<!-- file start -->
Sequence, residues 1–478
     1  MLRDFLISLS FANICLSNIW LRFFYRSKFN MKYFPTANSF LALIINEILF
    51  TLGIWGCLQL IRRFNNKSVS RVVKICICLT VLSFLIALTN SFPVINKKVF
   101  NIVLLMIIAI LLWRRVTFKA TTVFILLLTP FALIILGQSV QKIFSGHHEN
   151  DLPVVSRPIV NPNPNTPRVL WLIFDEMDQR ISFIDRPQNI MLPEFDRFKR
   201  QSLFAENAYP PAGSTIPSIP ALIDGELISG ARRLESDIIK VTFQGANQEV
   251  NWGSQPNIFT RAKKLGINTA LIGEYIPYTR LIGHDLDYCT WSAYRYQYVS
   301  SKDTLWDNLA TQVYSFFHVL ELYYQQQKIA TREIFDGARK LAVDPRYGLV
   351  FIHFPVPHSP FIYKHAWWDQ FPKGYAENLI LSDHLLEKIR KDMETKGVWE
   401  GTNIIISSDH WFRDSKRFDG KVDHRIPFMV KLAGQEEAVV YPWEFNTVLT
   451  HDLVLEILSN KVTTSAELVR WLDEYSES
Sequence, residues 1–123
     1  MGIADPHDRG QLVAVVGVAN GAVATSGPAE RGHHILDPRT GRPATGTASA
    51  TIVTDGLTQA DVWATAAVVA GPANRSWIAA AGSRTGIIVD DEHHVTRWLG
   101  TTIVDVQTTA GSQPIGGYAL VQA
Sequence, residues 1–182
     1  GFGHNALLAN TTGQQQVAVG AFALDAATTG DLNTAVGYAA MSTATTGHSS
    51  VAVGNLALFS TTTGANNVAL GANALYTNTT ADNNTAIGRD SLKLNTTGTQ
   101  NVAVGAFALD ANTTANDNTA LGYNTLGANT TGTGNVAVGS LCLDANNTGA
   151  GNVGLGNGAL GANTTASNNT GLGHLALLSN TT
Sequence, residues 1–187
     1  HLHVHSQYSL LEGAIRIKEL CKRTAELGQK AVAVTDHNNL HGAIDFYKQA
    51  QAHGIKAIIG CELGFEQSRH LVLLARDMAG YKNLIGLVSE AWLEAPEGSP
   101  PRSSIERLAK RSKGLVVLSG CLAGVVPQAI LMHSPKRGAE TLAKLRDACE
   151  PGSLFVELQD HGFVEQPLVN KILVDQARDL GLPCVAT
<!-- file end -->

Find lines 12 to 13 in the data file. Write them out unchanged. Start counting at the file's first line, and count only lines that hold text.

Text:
Sequence, residues 1–123
     1  MGIADPHDRG QLVAVVGVAN GAVATSGPAE RGHHILDPRT GRPATGTASA